I recall our own Professor Thoreau being a 24 fanatic, but don't know if anybody else is still watching this show. In any event, Salon's Laura Miller (free ad serve required) calls for the show to be sent to a small-screen Camp X-Ray without further ado:
My biggest complaint, however, is the clenched humorlessness of CTU. To which people will often respond that a 24-hour nuclear/chemical weapons/presidential assassination crisis is hardly the time for jokes. Au contraire, mon amis. As Jerry Dunn's invaluable subcultural slang dictionary, "Idiom Savant," demonstrates, the professions that generate the most extensive, creative and funny slang are precisely the ones that deal in life-and-death situations: cops, nurses and soldiers. Black humor and wisecracks are crucial tools to building camaraderie in high-stress jobs that expose people to the worst of human behavior and suffering.
But there's no camaraderie at CTU. Instead, these waspish drones bicker and intrigue like the staff of an insurance company or a poetry magazine—any office where the stakes are so low that people get easily sidetracked into currying favor and screwing their enemies. Don't tell me there's no room for esprit de corps in CTU, when everyone who works there can always be persuaded to spare a few minutes to berate a co-worker or have a heart-to-heart with some wigged-out relative. The most miserable trick of "24" is that it takes what's probably an exciting and meaningful profession and makes it seem just like the swamps of mean-spirited triviality where most Americans work.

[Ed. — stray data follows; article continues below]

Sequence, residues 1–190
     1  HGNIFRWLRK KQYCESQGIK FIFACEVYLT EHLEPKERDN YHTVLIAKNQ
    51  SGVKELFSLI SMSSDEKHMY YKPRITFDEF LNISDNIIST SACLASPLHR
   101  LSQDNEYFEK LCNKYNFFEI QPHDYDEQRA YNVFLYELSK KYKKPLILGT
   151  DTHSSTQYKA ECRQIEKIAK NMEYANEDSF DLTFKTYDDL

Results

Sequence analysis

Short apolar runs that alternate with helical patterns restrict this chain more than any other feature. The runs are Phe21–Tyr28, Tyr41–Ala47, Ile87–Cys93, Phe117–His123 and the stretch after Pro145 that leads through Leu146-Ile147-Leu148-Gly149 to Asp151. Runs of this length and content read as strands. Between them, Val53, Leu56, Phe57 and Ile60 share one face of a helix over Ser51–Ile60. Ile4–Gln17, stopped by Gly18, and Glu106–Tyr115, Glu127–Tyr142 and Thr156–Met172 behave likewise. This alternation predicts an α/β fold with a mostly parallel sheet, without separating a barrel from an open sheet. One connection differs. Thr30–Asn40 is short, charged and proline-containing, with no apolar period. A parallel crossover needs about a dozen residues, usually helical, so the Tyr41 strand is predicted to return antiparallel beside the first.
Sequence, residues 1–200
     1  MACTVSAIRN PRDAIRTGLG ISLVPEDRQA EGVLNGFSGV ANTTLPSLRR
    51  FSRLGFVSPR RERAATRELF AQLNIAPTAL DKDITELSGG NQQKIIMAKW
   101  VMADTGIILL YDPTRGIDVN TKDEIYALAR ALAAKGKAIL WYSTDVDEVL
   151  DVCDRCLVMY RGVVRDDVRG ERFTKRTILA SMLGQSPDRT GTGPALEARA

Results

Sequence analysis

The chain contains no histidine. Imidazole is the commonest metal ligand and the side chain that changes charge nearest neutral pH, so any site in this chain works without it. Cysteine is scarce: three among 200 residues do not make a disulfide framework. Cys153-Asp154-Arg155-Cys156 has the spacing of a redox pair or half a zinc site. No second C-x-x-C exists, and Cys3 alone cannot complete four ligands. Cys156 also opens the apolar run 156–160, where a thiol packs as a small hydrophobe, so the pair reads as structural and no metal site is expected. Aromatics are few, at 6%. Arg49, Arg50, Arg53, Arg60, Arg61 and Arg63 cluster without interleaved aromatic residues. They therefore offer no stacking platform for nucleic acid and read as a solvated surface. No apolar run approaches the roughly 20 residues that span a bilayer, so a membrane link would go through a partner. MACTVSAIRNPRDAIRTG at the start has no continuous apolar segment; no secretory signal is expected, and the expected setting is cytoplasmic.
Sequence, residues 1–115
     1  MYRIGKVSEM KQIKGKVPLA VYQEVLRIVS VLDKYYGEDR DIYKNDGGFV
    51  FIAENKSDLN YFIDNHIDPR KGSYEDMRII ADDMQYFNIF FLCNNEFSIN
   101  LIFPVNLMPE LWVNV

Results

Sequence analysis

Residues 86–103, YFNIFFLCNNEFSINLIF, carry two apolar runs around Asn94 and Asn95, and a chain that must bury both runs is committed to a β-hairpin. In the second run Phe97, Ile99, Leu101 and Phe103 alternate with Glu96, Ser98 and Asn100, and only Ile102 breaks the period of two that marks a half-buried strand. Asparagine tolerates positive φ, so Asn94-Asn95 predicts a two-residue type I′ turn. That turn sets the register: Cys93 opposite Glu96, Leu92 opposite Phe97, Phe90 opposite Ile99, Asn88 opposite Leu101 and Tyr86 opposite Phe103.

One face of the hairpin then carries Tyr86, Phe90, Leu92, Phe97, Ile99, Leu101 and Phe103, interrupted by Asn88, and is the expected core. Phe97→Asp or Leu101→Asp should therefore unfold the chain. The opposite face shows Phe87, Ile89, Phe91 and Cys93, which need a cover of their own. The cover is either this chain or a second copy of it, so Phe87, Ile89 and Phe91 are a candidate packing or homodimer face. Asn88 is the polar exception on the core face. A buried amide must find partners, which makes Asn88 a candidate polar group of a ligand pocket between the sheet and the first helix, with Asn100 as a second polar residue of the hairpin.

This seems like an odd complaint. Is there much doubt that GWOT-related government offices are filled with petty people devoted to bickering and office politics? I tuned out 24 after the second season, but my realism gap with the show was always its presentation of supremely competent and fast-moving government officials who wouldn't fuck up the proverbial one-man parade. But I'm intrigued that the writers have contrived to bring back the great Penny Johnson for another round of villainy. Has nobody else remarked that Penny Johnson not only has the distinction of playing Secretary of State Condoleezza Rice in two different movies, but has been a regular or recurring character on what must be a record number of top-notch television shows? Deep Space Nine, ER, 24, Larry Sanders… She's the anti-Ted McGinley. Keep your Sutherlands. Make mine Johnson or Johnson-Jerald!
Also, has anybody ever gotten a full season of 24 on DVD and watched the whole show in 24 hours? That would seem like a must-do stunt for a true fan.